Then the third made this game an important turning point for the game. This WBC showed off big time baseball at its very best. And this is a memory nugget you will never forget. The incomparable Manuel Arturo ‘Manny’ Machada hit a blast to deep center field and as if time stood still in the marine layer, Adam Jones, the centerfielder for the Baltimore Orioles, raced to the fence and leaped way over the wall to make one of the best catches in the history of the game. Electric. Unbelievable. Fantastic. The Golden Memory Nugget. The pitcher mouthing ‘Oh My God’. But it is what happened a moment later that made this the great game and gave rebirth to the new era of baseball. Muchada while rounding first acknowledged Jones great athletic feat by his regular season teammate by doffing his cap to him as he headed back to the dugout on third base. In return, silently while a tumultuous roar of the crowd, tipped his hat in return to his teammate for saluting him.
This is when baseball was reborn in the hearts of the old who love the game, in the hearts of the fathers who take their sons and daughters to the game and to the young people who packed the stadium and watched on television what a great game can be as a fabric of their lives today and into the future.
It was simply a very complex day in baseball. In New York City, at the legendary home of Champions, the Yankees on Friday were either saying good-bye or ridding themselves of one of the most gifted, tarnished individuals who ever played the game. For the record, this was Alex Rodriguez last game for the New York Yankees.
Perhaps the center focus of the PED-Era in the game, here is one of the best players who ever played the game crystalized in everything that is bad and good about the game. There is no middle ground when speaking of A-Rod. For the record, he is tied as the 23rd best fielding shortstop in the history of baseball with a career .9772 fielding percentage at shortstop. But in all fairness, he only played 1,272 of his 2,784 games at short. His fWAR was below 50%. At third base, he ranked tied for 32nd place all-time with a .9648 fielding percentage. Let’s face it, fielding isn’t what got him to be one of the highest paid players in the history of the game, although he won the Gold Glove twice in his career at shortstop.
When it came to hitting, he hit 50+ home runs three (3) times with a high of 57 in 2002. In his career, over 22 years, he had a lifetime .295 batting average in 10,566 at bats. 3.115 hits; 548 doubles; 31 triples; 696 home runs; 2,086 RBI; .550 slugging percentage; .930 OPS; 5,813 total bases; and 14 time All-Star; 3 time MVP in 12 years with the New York Yankees, 7 years with the Seattle Mariners and 3 years with the Texas Rangers. In his career he made $375,416,252, with a high annual salary of $33 million in a single season (2009 & 2010). Three times he was named the Major League Player of the Year; won the AL batting title once in 1996 with a .358 average; won the Hank Aaron Award four (4) times and the Babe Ruth Award once. He won the Silver Slugger Award ten (10) times. For his career his WAR was 117.8, five (5) times finished #1. He had an on-base percentage of .380 in his career, had 2,021 runs scored while on base 4,629 times. As a batter he ranks with Willie Mays.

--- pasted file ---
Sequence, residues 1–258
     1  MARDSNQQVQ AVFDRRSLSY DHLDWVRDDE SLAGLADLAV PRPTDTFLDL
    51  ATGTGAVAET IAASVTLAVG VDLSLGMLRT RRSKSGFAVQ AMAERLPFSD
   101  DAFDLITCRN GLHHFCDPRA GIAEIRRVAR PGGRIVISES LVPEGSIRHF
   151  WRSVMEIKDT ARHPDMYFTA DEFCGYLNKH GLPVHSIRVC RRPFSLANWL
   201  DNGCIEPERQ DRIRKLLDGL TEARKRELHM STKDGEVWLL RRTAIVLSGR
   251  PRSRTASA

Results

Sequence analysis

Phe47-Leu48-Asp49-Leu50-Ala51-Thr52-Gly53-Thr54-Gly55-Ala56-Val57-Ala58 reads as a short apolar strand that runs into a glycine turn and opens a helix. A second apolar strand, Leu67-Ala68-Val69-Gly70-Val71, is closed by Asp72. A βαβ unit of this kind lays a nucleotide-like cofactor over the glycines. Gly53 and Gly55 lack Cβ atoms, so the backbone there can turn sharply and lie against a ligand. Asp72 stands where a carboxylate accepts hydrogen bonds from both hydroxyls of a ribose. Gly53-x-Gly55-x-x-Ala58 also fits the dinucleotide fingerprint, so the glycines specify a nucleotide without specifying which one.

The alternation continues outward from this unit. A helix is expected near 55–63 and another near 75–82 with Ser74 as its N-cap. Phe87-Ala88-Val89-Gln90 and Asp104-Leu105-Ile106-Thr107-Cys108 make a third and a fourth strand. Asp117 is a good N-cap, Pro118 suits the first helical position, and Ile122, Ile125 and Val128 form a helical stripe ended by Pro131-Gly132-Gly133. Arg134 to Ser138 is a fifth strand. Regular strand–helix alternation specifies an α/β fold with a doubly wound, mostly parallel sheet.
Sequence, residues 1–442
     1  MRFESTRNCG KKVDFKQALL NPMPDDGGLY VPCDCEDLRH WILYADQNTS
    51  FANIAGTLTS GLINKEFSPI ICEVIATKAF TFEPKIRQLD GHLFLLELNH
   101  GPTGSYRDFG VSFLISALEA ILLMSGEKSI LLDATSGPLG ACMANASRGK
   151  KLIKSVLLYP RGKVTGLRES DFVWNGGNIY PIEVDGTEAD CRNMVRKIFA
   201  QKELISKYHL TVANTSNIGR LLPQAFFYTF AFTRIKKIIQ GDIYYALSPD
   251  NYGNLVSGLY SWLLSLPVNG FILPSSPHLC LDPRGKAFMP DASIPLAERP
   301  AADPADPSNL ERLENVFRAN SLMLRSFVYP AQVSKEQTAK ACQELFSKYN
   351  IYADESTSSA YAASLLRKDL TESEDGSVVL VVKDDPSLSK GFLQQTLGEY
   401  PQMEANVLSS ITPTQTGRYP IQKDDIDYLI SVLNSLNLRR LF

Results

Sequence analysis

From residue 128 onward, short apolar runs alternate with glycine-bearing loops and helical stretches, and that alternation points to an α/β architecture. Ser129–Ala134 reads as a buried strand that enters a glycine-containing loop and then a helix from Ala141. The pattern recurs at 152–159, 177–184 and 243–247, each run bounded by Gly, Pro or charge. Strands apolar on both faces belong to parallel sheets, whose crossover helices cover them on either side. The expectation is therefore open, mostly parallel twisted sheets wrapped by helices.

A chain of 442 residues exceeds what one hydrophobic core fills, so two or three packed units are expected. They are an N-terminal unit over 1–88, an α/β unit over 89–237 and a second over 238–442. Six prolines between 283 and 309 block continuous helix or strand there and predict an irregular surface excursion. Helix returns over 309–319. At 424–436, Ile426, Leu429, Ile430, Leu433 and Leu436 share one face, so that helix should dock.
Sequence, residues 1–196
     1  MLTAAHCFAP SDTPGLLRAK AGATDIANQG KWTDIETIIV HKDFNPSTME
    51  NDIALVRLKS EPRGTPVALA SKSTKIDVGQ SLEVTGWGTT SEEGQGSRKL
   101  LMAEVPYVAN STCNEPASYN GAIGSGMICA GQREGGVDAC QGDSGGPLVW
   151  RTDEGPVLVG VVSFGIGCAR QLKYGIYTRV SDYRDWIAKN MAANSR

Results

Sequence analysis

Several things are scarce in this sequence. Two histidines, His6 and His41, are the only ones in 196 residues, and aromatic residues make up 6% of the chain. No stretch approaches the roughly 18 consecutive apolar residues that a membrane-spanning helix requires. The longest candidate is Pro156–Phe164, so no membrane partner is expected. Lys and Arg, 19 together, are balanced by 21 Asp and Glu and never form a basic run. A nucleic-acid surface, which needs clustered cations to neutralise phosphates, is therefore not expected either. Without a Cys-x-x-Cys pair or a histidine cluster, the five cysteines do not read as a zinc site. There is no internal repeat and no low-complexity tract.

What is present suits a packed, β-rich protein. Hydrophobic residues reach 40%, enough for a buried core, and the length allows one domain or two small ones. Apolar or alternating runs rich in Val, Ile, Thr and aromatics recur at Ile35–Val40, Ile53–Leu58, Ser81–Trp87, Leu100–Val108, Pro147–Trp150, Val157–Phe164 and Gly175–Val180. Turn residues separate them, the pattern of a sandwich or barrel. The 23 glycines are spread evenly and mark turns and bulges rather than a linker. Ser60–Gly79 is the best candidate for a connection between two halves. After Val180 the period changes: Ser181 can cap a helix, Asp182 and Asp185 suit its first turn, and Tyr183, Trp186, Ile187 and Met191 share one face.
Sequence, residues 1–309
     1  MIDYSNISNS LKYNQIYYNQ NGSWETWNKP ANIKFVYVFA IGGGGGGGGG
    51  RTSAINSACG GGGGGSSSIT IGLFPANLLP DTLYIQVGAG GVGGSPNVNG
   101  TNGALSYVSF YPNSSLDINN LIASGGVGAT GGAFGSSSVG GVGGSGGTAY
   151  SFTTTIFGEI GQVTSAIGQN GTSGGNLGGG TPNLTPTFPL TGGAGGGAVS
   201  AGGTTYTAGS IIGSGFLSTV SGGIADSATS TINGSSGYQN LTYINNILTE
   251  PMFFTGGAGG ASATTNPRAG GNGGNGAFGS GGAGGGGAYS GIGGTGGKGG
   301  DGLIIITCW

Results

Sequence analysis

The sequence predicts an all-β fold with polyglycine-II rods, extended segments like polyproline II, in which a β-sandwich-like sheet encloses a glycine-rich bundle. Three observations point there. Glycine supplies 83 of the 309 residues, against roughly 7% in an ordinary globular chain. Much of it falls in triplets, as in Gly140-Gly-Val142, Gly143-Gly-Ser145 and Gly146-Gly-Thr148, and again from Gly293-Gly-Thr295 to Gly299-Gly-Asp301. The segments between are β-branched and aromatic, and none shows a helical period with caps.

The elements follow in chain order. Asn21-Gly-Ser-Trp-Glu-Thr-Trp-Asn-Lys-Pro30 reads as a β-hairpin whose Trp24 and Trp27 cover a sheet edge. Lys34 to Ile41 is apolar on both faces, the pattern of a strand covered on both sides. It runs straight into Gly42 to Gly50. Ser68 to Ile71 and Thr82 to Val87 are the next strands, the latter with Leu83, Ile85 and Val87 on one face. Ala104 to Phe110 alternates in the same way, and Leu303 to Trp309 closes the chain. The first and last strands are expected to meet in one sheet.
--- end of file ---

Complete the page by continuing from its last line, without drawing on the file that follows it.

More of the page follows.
This was a great player in the game of baseball. But that is what you would want in the first player selected in the 1993 MLB draft.
Yet he played under the shadow of suspicion, jealousy, admiration and contempt for the better part of the last eight years. It probably began when he left Seattle. But the flight of other great top players from that team including Ken Griffey, Jr. and Randy Johnson (both now in the Hall of Fame) was not that big of a contributing factor to dislike. In 2007, the cornerstone of fan disillusionment when Rodriguez was finishing the last year of a $252 million contract. He did the unthinkable for pin-strip fans. He opted out, effectively making him a free agent once again. Now the die was cast as it was announced he would not renew his contract with the Yankees citing that he was ‘unsure of the future composition ‘ of the team. He was now the target of criticism not only for not meeting with team officials before his announcement but for financial gluttony. But the biggest issue with fans was that he did it during the 8th inning of Game Four of the World Series as Boston was finishing their victory over the Colorado Rockies. MLB’s chief operating officer, Bob DuPuy, called it ‘an attempt by Rodriguez’ agent, Scott Boras, to try to put his selfish interests and that of one individual player above the overall good of the game’. After a quick PR repair job by A-Rod himself, a new 10 year $275 million contract was finalized on December 13, 2007.